Millions of dollars change hands in the sports betting industry every week. The lion’s share of this cash, however, goes to the bookies. The average ‘casual’ punter makes nearly nothing next to them. They barely scrape through, trying to break even. Why is there such a big discrepancy in how much the punter and the bookmaker? The answer is simpler than one would think. In reality, most bookies do not want their customers to know exactly how the betting market functions. More often than not, they even find ways to contain particularly resourceful bettors who win ‘too much’. In this article, we dive deep in the seedy underbelly of the sports industry in search of the top 5 secrets your bookmaker hides from you.
The bookmaker never reveals the true odds.
The task of bookmaking is to reliably turn a profit when the betting round closes, no matter what. The simplest method to fulfil this goal is to just manipulate the actual probability. Likewise, bookmakers adjust the odds slightly in almost every bet out there. If there is an even chance of the home side and the away side each winning, the true odds should be 50%, or 2 to 1. If the bookmaker changes it to 1.9 to 1, this increases the per-bet profit they get. This always leaves them with a built-in profit within every penny that a customer spends on betting. What is the easy way to tell this? Add up all the percentage-based representation of probabilities as they come up on the sportsbook, and you will get more than a 100%.
In the last example of 1.9 to 1 odds, the total odds of the two teams add up to 105.26%. That means the bookmaker has an expected profit of 5.26 dollars on every 100 dollars that goes into the betting market. This surplus is called the over-round. Bookmakers have an average 6% of over-round profit margin over most sports bets. But the more probable outcomes there are, the more this over-round grows. A bet like who can score the goal next in a football match will have much, much higher over-rounds.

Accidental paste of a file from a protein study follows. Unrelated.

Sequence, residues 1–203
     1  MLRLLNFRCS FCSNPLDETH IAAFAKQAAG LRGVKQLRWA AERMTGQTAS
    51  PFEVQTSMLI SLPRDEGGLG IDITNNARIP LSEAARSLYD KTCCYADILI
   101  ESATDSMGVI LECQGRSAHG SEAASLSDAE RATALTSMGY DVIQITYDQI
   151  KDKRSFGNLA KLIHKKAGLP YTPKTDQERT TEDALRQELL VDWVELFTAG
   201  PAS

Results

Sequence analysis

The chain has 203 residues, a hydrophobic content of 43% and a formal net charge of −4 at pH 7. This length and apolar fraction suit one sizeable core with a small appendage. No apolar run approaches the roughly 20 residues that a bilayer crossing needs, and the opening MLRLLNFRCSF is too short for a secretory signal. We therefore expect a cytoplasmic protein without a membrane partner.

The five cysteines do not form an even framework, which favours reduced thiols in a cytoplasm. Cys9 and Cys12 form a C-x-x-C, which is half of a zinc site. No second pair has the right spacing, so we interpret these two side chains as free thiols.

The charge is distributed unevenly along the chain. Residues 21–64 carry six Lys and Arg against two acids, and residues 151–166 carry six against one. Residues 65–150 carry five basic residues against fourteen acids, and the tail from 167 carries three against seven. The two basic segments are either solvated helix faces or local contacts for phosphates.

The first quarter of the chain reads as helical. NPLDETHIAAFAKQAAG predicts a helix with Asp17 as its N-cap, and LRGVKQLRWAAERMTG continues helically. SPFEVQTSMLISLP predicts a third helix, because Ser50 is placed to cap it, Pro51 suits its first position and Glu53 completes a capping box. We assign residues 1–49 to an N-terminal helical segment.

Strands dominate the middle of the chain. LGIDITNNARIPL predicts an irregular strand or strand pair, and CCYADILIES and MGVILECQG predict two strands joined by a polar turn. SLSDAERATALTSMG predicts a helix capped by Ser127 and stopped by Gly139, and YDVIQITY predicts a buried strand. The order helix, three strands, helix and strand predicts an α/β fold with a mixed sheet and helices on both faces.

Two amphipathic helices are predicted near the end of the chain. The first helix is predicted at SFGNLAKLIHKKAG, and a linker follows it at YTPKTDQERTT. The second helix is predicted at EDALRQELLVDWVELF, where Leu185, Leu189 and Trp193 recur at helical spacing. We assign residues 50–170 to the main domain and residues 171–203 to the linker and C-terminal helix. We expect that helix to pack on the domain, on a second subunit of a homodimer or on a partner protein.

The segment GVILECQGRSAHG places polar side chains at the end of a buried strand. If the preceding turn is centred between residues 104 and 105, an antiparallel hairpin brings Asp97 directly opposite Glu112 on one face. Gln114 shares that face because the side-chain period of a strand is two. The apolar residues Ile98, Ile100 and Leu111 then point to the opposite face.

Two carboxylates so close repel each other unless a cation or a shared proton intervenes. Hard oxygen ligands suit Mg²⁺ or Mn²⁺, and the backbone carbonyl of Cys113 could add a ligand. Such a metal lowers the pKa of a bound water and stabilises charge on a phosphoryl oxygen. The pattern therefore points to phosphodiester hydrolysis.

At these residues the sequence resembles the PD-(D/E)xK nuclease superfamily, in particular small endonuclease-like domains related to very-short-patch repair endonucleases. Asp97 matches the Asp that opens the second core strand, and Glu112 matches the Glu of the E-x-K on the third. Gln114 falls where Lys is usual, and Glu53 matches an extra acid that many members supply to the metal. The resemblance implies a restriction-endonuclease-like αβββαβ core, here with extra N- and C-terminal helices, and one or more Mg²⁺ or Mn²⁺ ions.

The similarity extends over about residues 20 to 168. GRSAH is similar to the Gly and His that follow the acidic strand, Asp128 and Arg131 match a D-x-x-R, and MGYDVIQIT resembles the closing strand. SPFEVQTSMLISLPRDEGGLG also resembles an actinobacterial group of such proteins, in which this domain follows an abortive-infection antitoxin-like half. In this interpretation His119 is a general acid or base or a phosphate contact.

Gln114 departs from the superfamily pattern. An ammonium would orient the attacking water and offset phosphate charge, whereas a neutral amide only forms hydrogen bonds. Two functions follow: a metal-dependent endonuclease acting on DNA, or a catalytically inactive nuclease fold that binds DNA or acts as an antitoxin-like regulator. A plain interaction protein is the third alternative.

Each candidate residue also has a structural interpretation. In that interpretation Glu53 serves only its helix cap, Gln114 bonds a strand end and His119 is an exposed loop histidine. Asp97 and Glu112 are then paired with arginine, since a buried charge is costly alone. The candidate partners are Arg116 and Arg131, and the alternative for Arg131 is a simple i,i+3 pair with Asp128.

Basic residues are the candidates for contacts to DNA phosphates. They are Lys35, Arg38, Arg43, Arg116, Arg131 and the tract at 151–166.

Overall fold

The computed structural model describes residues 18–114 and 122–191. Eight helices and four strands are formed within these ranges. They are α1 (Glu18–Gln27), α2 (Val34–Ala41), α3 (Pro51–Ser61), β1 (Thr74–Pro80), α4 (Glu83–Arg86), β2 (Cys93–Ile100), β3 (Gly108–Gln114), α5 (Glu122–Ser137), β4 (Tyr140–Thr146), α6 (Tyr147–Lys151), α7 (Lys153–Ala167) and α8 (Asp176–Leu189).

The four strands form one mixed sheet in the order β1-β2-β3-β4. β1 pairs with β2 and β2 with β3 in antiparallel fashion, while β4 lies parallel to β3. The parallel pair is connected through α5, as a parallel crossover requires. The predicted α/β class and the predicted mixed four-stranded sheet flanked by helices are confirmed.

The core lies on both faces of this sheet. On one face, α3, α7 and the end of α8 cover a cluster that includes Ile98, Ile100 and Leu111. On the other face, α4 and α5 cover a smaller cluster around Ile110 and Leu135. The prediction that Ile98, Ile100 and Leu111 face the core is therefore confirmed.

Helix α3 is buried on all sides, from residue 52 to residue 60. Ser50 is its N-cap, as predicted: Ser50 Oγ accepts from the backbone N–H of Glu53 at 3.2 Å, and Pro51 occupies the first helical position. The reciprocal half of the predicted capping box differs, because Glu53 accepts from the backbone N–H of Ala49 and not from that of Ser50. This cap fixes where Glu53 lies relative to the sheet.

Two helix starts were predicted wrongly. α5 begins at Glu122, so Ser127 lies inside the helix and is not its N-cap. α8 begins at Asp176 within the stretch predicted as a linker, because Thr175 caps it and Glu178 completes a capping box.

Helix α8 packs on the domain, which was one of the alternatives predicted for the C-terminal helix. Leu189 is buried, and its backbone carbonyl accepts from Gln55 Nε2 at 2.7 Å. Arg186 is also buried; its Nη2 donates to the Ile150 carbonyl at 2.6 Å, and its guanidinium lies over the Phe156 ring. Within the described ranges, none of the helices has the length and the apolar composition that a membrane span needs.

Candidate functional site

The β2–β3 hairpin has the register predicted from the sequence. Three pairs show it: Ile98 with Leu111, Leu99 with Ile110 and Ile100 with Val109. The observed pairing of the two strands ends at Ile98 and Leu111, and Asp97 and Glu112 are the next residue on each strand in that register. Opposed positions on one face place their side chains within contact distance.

Even competing bookmakers can share data amongst each other.
Sports betting, like the online casino sector, is a fairly competitive industry. Sportsbooks are always on the lookout to poach customers from their competitors. But despite all that, they are in cahoots when it comes to securing their betting market. They work in cahoots to pin down suspicious market behaviour. In other words, if a user does particularly well consistently, they will look for similar or possibly linked users on other sportsbooks. By and large, this is how bookmakers can track down betting syndicates and other market oddities.
Acca bets are not what sportsbooks cook them up to be.
Sportsbooks will often run lucrative promotions built around accumulator bets. It is actually a common sight to see bonuses upwards of 50% on winnings from acca bets. But you must remember that acca bets are a sham by their very design. For the unwary: acca bets are a conditional series of bets that have you check a large number of boxes. For instance, an acca bet might require that you back six selections in a set series of wagers. If you manage to land the correct answer on all six, you potentially walk away with huge winnings.
The big caveat is that you lose the whole deal if just one of six wagers lose. In conclusion: they are not worth your time. Ask any pro punter, and you will find that they rely mostly on singles, and rarely doubles and so on. The pros prefer consistency over such high-risk high-reward gimmicks.
Bookmakers track your data.
They do not want you to win.
With all their tracked data, they specifically market the sportsbook to a ‘casual punter’ demographic. Their ultimate goal, of course, is to find the regular sports fans who will make bets in a rush of excitement during the game. Such ill-researched decisions are how they predate on the ‘casual’ audience.o
No matter how fun and user-friendly sports betting may feel, do not let bookmakers fool you. They are not there to build a user-friendly experience. Their business model stands on predatory tactics that exploit fans who love sports enough to not mind losing a couple extra bucks backing small bets. The thrifty, focussed punter who scores money in sports betting does so by outguessing the bookmaker’s odds, not following them.
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